For most of us, being connected equals being productive. However, this simple equation becomes complex when one has to juggle personal devices with those issued by our employers. Paramount in an employer’s mind is the protection of the company’s critical and confidential business data but they don’t want to alienate employees by being too restrictive on using their personal smartphones and tablets.

Recent research has found that nearly three out of four adults don’t protect their smartphones with security software and these same people often use their devices to access social media and websites that attract cybercrooks. Poorly-secured  devices can be easily accessed by hackers who are becoming evermore sophisticated and ferocious.

This device conundrum ties directly to corporate IT culture and the question of allowing employees to use personal devices to conduct business. The solution ranges anywhere from an outright ban (which employees often ignore) to fully embracing an employee’s choice, while building corporate safeguards to block spam and corrupt application downloading. Some companies permit it with tight controls such as having the ability to wipe the gadgets clean of all information in the case of loss. Of course that means all personal data will be wiped along with business data but studies show employee satisfaction (ergo productivity) is tied to exercising personal preference of devices.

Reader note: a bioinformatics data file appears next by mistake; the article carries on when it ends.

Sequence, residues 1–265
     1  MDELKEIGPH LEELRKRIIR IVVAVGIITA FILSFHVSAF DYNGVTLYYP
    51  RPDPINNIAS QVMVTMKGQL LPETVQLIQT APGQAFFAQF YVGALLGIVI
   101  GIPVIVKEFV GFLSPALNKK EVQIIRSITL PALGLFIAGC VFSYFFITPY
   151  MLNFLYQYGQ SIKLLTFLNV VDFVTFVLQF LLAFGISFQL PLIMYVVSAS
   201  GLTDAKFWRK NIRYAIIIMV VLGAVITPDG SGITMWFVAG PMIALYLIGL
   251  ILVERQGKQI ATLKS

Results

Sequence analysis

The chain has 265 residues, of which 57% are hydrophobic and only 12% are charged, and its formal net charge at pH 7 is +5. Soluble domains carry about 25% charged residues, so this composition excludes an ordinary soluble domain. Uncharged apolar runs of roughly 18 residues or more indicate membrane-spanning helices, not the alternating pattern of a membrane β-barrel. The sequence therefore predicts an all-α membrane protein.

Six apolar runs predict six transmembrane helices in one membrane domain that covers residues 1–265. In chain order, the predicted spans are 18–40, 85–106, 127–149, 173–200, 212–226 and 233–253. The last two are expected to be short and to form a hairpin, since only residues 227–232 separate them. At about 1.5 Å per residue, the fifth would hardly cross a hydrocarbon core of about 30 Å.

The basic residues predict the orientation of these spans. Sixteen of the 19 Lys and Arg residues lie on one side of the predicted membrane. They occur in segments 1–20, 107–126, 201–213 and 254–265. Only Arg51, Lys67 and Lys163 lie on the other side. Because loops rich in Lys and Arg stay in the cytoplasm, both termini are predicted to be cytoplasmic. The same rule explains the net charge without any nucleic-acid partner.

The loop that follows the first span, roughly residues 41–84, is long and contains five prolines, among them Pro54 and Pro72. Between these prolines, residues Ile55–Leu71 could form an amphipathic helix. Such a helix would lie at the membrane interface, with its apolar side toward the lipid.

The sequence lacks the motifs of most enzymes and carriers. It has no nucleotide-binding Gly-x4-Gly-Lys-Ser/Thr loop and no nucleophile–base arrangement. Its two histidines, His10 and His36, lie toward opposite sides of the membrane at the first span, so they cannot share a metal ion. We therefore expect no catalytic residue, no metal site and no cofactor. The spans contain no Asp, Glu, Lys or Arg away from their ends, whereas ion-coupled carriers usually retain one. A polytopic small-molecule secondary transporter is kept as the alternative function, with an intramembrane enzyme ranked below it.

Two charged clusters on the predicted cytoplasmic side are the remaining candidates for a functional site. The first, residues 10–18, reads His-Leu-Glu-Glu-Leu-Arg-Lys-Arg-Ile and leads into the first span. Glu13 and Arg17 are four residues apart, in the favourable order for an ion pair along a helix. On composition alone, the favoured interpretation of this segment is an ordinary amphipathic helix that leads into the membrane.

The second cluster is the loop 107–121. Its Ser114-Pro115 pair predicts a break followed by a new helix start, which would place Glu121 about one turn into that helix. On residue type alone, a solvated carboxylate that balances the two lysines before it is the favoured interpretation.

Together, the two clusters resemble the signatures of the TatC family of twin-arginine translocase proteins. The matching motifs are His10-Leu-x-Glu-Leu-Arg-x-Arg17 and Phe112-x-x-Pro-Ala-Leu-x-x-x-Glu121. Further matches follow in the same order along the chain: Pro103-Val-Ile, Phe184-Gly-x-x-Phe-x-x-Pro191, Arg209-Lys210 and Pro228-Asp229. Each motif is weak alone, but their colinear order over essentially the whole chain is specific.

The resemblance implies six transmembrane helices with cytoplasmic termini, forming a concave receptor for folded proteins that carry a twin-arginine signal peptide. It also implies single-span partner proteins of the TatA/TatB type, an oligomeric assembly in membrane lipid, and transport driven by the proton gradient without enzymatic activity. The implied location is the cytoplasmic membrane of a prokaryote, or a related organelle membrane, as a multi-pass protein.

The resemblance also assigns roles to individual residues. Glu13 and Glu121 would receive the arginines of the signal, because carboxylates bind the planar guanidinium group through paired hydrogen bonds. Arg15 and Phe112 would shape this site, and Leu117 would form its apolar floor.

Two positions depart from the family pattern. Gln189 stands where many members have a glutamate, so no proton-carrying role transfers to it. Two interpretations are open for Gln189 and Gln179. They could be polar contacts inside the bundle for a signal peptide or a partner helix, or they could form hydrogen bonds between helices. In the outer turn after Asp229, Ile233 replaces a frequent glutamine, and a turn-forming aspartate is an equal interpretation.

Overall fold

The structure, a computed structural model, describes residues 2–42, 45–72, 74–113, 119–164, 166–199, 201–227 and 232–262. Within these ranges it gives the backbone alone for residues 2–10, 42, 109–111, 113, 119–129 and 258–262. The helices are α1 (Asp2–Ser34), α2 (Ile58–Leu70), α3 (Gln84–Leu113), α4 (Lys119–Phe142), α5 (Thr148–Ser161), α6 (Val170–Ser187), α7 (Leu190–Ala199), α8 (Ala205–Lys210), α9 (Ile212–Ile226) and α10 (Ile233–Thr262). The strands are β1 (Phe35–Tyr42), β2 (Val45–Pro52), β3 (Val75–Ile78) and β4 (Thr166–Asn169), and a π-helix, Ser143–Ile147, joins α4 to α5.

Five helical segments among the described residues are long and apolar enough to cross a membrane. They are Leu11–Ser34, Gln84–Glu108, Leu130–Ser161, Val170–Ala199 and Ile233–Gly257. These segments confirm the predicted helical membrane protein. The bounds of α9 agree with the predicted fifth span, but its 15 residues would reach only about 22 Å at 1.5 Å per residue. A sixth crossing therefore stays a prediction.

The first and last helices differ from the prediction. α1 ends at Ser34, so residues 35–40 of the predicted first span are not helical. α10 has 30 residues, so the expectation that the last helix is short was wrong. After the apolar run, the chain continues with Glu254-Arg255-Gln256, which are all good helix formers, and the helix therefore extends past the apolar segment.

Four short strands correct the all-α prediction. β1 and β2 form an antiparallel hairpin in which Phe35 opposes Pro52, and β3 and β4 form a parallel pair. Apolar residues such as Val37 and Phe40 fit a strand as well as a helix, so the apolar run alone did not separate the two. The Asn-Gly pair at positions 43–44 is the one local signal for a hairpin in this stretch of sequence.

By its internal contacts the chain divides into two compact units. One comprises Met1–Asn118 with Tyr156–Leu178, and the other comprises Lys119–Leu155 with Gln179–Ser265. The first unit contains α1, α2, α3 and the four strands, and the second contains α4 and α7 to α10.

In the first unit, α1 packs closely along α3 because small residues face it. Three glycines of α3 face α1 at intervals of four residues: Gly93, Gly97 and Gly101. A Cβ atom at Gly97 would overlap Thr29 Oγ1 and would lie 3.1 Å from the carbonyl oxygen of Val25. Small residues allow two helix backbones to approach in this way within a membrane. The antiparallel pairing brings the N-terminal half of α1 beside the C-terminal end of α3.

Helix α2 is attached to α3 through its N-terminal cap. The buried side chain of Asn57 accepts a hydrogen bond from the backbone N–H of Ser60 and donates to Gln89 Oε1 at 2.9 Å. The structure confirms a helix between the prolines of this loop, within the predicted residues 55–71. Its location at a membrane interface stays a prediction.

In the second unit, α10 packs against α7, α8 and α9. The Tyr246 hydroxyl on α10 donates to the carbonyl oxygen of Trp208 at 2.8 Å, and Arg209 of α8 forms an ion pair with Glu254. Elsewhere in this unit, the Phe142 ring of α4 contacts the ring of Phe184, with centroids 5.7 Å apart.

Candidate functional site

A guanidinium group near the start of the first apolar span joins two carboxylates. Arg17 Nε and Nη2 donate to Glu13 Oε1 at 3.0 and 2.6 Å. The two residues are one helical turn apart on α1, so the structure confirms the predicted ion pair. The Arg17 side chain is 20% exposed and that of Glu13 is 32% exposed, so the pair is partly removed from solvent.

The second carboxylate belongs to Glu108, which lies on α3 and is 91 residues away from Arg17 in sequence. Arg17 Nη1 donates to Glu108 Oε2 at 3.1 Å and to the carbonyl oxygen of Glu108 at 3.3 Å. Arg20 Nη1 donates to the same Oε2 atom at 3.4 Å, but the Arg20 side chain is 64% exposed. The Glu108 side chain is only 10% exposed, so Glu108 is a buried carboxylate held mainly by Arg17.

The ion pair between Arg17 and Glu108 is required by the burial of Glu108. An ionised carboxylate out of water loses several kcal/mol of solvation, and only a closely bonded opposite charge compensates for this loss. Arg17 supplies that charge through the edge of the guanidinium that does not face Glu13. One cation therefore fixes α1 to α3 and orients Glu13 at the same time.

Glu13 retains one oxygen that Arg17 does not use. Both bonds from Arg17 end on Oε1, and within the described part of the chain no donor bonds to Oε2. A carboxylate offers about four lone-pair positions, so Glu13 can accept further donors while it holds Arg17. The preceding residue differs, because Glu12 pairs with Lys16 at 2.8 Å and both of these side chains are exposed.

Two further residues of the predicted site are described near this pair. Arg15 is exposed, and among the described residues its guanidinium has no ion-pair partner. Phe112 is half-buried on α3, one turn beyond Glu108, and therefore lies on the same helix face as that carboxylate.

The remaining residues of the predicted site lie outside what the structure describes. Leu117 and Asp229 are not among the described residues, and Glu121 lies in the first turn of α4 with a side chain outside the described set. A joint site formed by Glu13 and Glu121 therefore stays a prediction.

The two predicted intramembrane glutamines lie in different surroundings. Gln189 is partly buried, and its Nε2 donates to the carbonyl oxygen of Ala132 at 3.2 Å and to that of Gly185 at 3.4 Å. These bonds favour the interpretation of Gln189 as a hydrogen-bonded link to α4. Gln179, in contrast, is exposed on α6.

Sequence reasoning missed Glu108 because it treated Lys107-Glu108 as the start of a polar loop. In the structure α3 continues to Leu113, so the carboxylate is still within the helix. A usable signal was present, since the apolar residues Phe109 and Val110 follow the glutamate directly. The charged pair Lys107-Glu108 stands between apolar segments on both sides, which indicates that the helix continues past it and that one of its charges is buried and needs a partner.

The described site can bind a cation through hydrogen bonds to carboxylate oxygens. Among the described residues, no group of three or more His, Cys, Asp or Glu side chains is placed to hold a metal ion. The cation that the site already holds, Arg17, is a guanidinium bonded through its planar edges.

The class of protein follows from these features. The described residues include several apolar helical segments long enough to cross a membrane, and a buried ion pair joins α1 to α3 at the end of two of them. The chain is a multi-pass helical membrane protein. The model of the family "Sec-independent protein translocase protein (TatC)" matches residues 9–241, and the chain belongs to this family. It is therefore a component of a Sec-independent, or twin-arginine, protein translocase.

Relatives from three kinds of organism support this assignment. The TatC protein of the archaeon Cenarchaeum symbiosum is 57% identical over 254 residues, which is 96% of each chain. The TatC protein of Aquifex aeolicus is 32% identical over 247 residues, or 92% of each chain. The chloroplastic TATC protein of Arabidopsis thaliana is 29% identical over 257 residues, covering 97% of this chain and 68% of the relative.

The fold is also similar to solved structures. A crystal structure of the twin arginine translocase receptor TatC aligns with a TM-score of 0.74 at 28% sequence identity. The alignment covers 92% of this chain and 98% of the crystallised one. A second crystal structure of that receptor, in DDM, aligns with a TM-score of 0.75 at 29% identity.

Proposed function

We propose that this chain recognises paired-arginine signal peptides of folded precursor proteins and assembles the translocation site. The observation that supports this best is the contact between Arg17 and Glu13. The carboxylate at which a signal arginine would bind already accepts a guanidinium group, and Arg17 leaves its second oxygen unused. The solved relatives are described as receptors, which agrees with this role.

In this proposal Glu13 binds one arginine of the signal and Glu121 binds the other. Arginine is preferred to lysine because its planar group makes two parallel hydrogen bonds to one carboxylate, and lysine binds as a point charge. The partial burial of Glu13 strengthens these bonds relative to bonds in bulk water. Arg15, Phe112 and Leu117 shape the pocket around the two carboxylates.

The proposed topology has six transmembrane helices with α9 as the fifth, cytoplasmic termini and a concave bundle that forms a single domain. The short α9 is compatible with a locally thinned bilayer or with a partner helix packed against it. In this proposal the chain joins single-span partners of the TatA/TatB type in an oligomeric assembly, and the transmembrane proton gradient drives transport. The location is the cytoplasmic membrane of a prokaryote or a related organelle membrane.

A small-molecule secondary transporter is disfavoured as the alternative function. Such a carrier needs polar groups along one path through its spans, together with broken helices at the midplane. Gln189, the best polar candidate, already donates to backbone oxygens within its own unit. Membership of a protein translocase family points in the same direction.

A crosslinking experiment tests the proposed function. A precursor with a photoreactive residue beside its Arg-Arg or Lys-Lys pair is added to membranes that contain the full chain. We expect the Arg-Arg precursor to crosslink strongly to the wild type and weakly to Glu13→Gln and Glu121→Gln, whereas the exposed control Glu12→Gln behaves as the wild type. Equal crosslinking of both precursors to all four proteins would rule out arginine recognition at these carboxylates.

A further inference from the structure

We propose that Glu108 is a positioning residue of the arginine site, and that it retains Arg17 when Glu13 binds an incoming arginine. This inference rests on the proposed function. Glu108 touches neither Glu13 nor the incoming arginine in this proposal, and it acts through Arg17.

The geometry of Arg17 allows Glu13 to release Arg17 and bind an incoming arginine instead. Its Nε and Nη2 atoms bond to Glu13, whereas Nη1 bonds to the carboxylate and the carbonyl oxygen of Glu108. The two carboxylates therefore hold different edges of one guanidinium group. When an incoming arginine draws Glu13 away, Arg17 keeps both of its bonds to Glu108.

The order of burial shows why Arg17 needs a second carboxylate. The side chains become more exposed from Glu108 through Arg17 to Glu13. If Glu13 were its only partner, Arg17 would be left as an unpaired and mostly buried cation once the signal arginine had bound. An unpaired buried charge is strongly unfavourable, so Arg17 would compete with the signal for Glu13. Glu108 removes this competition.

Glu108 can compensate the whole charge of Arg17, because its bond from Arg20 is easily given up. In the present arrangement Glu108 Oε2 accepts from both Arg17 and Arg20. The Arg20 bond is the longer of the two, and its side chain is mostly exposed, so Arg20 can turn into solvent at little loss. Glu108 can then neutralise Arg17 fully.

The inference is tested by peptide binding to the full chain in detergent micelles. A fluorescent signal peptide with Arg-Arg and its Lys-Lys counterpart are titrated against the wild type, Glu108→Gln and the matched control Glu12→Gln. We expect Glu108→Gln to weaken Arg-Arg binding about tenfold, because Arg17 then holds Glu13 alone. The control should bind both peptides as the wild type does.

Security and legal teams wrestle with this dilemma constantly in the mobil world of today and there’s no clear cut answer. Protecting a company and its clients’ data is essential; but also, productivity, efficiency, organization and responsiveness are but a few benefits of giving employees their choice of gadget.

Arming those same employees with the safety measures to secure their devices from fraudulent activities is where IT departments can manage risk. Building a parallel strategy that serves both corporate IT and the end-user is not only necessary, it is beneficial to the bottom-line.

Please see the original article by Steve Johnson of San Jose Mercury News published in The Denver Post.

John Sileo is an award-winning author and international speaker on the dark art of deception (identity theft, data privacy, social media manipulation) and its polar opposite, the powerful use of trust, to achieve success. He is CEO of The Sileo Group, which advises teams on how to multiply performance by building a culture of deep trust. His clients include the Department of Defense, Pfizer, the FDIC, and Homeland Security. Sample his Keynote Presentation or watch him on Anderson Cooper60 Minutes or Fox Business1.800.258.8076.